Event Title

A Pharmacist Educational Intervention for Type 2 Diabetes: Clinical Outcomes for Latinos in South Florida

Start Date

10-2-2012 12:00 AM

Description

Objective. To evaluate the effect of a pharmacist intervention on diabetes clinical outcomes. Background. Type 2 diabetes has reached epidemic levels in the United States (U.S.) by disproportionately affecting vulnerable groups including minorities. Latinos, the fastest growing minority have shown to poor control of diabetes when compared to whites. Pharmacist interventions and diabetes education have shown improvements in clinical outcomes in various populations, however culturally appropriate pharmacist interventions studies in the Latino population are needed. Methods. A prospective randomized design and a community-based approach tested a pharmacist-centered intervention on diabetes clinical outcomes. Diabetics and their support person were recruited from the Hispanic Unity of Florida. Data was collected at baseline and 3 months. The pharmacist intervention consisted of a focused discussion group and two individual counseling sessions during the first 6 weeks. Results. A total of 43 completed the study. Baseline characteristics were the same across groups except for income level and length of time living in the U.S. Most subjects were females with an average age of 55(26-79) years. Hemoglobin A1c was significantly reduced by 0.94±0.45%, weight by 1.68±0.75kg and body mass index by 0.73±0.28 kg/m2 (all p < 0.05) while no significant changes were observed in the control group in any of these outcomes. No significant changes were observed in random blood glucose, blood pressure or lipid panel. Conclusion. A culturally-sensitive pharmacist intervention was effective in improving selected diabetes clinical outcomes in a Latino diabetic population in South Florida. Grants: Funded by CMS 1HOCMS030309-02.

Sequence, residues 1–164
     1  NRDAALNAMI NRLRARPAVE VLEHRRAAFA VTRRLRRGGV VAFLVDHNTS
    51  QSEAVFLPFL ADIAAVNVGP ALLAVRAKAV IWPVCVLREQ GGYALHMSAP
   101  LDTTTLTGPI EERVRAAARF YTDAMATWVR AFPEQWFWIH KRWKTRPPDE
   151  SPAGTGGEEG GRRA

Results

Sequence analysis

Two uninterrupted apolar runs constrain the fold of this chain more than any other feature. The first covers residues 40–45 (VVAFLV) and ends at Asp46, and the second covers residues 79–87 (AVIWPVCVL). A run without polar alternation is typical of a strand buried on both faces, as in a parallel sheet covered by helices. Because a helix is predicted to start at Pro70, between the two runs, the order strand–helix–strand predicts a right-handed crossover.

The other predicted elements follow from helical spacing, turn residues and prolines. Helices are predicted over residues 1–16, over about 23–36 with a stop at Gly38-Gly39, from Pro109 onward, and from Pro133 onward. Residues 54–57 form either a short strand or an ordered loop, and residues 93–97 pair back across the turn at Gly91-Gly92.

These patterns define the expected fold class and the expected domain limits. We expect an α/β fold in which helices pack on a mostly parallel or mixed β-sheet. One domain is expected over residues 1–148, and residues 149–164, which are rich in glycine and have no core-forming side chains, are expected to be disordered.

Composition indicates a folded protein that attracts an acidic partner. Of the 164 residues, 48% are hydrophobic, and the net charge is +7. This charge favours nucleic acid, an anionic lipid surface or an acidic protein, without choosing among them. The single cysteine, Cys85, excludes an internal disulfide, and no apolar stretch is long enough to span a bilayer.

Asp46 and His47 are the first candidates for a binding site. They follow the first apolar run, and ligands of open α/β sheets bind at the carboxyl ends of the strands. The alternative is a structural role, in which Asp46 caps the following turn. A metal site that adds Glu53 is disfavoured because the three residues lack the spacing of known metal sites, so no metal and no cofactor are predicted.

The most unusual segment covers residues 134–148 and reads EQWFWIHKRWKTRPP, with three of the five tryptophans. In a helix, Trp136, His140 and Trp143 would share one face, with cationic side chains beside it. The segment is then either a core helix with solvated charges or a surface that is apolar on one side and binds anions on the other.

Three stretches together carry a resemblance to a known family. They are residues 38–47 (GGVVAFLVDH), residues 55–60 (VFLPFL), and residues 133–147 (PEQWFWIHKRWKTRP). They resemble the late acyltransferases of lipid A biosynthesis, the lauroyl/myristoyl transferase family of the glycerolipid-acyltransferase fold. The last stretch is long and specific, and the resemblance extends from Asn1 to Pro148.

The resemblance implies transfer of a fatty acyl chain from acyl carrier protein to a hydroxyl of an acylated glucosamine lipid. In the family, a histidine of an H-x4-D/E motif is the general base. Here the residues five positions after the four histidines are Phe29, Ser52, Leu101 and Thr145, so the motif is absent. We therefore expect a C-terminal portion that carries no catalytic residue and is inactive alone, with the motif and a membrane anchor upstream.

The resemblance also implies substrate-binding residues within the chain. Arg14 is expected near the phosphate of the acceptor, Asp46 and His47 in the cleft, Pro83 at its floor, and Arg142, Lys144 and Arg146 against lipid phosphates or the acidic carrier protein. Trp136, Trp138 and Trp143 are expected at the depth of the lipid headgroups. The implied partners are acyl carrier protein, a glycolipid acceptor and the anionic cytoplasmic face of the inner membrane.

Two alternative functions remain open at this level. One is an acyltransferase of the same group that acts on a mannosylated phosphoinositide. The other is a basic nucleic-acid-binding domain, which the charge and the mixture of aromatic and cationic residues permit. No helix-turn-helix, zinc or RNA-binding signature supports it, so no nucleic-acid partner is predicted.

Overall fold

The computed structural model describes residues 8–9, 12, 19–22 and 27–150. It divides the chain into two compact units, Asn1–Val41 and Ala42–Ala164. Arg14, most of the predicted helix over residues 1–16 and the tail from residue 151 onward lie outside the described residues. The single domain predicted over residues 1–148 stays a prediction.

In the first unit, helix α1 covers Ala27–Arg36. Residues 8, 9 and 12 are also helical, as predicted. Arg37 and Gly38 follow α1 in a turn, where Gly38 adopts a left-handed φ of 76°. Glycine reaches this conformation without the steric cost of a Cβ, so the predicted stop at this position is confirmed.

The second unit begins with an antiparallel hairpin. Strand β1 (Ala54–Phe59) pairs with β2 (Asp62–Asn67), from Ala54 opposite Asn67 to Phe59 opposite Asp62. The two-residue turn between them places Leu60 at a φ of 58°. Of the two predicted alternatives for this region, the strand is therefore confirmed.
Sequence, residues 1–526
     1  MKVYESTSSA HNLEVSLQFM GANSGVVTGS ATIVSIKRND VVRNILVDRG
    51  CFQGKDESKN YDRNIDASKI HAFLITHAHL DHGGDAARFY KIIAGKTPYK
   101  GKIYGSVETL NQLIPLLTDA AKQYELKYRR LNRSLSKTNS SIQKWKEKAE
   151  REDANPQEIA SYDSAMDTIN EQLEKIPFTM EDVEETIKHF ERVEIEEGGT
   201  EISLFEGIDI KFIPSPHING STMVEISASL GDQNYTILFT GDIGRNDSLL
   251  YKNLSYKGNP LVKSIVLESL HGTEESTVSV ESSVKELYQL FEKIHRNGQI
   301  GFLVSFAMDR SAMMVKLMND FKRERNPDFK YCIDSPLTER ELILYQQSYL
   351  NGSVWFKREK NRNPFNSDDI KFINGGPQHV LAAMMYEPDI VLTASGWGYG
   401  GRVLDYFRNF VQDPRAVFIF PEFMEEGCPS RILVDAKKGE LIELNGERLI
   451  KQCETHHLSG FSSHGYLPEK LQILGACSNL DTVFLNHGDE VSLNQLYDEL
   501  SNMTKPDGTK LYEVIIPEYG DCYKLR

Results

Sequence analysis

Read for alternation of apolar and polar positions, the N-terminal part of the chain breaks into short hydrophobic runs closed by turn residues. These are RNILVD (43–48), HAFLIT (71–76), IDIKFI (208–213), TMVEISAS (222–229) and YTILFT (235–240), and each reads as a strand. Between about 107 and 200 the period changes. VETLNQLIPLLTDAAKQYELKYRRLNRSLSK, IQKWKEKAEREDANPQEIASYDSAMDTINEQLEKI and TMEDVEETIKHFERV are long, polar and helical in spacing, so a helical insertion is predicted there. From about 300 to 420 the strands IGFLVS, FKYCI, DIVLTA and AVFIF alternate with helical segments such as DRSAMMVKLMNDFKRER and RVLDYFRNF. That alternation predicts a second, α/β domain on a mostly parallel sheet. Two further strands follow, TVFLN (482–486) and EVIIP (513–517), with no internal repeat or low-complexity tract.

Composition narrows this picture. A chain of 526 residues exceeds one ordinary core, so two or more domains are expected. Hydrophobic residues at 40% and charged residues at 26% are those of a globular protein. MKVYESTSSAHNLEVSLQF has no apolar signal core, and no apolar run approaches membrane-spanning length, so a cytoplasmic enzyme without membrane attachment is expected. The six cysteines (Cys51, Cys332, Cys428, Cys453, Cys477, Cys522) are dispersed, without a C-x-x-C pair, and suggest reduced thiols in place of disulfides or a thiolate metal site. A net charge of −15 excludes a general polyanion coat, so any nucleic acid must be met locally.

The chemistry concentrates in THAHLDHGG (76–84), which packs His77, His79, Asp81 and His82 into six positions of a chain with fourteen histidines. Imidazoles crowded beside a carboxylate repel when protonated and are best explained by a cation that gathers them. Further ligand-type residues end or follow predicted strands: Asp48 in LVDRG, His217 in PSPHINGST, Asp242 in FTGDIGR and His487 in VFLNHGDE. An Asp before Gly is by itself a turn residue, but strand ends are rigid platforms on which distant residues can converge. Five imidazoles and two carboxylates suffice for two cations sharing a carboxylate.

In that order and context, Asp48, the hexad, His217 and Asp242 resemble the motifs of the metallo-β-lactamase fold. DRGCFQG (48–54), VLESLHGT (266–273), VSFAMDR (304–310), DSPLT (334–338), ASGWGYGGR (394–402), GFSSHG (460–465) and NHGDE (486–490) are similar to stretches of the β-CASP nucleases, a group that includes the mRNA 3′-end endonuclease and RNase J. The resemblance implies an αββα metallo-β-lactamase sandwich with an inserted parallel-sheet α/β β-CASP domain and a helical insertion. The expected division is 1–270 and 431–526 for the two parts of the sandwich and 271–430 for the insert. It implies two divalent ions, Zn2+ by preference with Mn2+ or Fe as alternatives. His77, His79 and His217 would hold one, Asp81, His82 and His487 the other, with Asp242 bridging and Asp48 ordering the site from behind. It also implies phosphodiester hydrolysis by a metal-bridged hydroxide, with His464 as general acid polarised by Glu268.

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Feb 10th, 12:00 AM

A Pharmacist Educational Intervention for Type 2 Diabetes: Clinical Outcomes for Latinos in South Florida

Objective. To evaluate the effect of a pharmacist intervention on diabetes clinical outcomes. Background. Type 2 diabetes has reached epidemic levels in the United States (U.S.) by disproportionately affecting vulnerable groups including minorities. Latinos, the fastest growing minority have shown to poor control of diabetes when compared to whites. Pharmacist interventions and diabetes education have shown improvements in clinical outcomes in various populations, however culturally appropriate pharmacist interventions studies in the Latino population are needed. Methods. A prospective randomized design and a community-based approach tested a pharmacist-centered intervention on diabetes clinical outcomes. Diabetics and their support person were recruited from the Hispanic Unity of Florida. Data was collected at baseline and 3 months. The pharmacist intervention consisted of a focused discussion group and two individual counseling sessions during the first 6 weeks. Results. A total of 43 completed the study. Baseline characteristics were the same across groups except for income level and length of time living in the U.S. Most subjects were females with an average age of 55(26-79) years. Hemoglobin A1c was significantly reduced by 0.94±0.45%, weight by 1.68±0.75kg and body mass index by 0.73±0.28 kg/m2 (all p < 0.05) while no significant changes were observed in the control group in any of these outcomes. No significant changes were observed in random blood glucose, blood pressure or lipid panel. Conclusion. A culturally-sensitive pharmacist intervention was effective in improving selected diabetes clinical outcomes in a Latino diabetic population in South Florida. Grants: Funded by CMS 1HOCMS030309-02.